Now, here are the numbers you always need to contact about your wallet, etc. has been stolen:
Equifax: 1-800-525-6285. Experian (formerly TRW): 1-888-397-3742. Trans Union: 1-800-680-7289
4.) Social Security Administration (fraud line): 1-800-269-0271
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by Barry McCullough, Marketing Director, Employee Assistance Services
80% of all problems at work are NOT work related! They come from home!
An Employee Assistance program is a confidential service provided by trained and certified professional counselors, that assess, diagnose and address the individual problems of employees. This can be accomplished by voluntary access or formal referral by management. An important part of a successful EAP is training. Training that is designed to address potential problems in the workplace, and to assist management and supervision with the ìpersonal issuesî of their employees. it get management ìout of the middle.î
Marital conflicts, depression, stress, parenting issues, substance abuse and other personal problems of the employee create absenteeism, tardiness, poor productivity, high turnover and friction in the work place. Job related accidents cost American business approximately 100 billion dollars each year!
People with emotional disorders are 25% higher users of medical care services than those that are emotionally well. The U.S. Department of Public Health ranks mental and emotional disorders and alcoholism third and fourth, respectively, among major health problems.
The Hoover Area Chamber of Commerce is now offering this program as a value-added benefit of membership.
Eight Good Reasons To Have An E.A.P.:
1. It provides training for managers in how to spot a troubled employee, and how to properly respond.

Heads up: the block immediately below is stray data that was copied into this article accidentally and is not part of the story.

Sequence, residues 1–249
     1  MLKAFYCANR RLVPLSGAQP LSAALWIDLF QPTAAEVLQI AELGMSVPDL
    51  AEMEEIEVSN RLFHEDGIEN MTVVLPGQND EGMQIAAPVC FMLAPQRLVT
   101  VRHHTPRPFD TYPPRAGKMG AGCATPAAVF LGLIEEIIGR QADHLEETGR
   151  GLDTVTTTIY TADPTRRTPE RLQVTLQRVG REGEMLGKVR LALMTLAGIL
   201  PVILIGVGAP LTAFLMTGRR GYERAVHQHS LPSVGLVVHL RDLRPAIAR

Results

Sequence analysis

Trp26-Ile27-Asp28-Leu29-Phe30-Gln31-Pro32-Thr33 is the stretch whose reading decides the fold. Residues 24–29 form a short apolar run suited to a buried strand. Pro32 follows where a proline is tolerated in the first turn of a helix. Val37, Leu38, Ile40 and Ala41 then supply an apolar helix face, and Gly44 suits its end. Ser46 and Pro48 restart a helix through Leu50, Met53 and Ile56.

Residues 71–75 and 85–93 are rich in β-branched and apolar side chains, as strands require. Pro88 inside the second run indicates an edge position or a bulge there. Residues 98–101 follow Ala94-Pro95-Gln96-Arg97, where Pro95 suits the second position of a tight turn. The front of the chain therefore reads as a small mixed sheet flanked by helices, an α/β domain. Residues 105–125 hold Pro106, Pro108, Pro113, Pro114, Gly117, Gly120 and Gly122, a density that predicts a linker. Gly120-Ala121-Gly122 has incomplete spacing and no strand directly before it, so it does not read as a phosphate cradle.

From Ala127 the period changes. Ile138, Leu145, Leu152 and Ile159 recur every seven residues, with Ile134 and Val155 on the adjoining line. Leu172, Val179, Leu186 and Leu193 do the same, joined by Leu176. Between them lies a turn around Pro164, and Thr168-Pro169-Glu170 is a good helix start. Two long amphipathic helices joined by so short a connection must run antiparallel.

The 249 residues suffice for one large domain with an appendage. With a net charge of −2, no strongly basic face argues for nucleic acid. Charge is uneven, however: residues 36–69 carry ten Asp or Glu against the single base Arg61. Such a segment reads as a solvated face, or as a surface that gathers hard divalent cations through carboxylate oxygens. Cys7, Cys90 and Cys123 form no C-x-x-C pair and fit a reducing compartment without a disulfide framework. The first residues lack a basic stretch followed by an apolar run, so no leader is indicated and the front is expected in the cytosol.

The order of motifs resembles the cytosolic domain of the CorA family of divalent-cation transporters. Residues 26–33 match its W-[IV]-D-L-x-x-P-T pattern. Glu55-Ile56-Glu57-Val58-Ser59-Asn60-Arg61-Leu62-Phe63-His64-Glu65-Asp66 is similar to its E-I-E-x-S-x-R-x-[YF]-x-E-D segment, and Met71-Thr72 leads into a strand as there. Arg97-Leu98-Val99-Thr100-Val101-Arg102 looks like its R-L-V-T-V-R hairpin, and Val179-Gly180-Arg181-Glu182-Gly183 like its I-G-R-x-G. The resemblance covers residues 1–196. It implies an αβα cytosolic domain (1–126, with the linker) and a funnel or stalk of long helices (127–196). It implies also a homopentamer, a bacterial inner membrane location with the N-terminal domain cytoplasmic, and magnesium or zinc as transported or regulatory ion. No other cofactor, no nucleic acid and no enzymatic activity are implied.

2. It helps protect your organization and mangers while getting employees the help they need.
3. It relieves supervisors of the frequent and unpleasant role of becoming involved in their employeeís personal problems.
4. It provides a confidential, non-threatening setting for a troubled employee to promptly, economically and conveniently receive the services that will aide in successfully resolving personal problems.
5. It frees supervisors to perform their primary function of overseeing job performance.
6. In cases of grievance or arbitration proceedings, an EAP may substantially strengthen the organizationís position.
7. It improves productivity, morale, retention and public image.
8. The organizationís image is enhanced, in the eyes of employees and their families, by a meaningful demonstration of concern for the individualís well being.
For information on how the Employee Assistance Service can help you, call Barry McCullough or Sara Gentle at 933-7442.
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Sometimes politicians can exclaim; "It's just a tax cut for the rich!" and it is just accepted to be fact. But what does that really mean?
Just in case you are not completely clear on this issue, we hope the following will help. Let's put tax cuts in terms everyone can understand.
Suppose that every day, ten men go out for dinner. The bill for all ten comes to $100. If they paid their bill the way we pay our taxes, it would go something like this:
The first four men (the poorest) would pay nothing.
The fifth would pay $1.
The sixth would pay $3.
The seventh $7.
The eighth $12.
The ninth $18.
The man (the richest) would pay $59.
So, that's what they decided to do.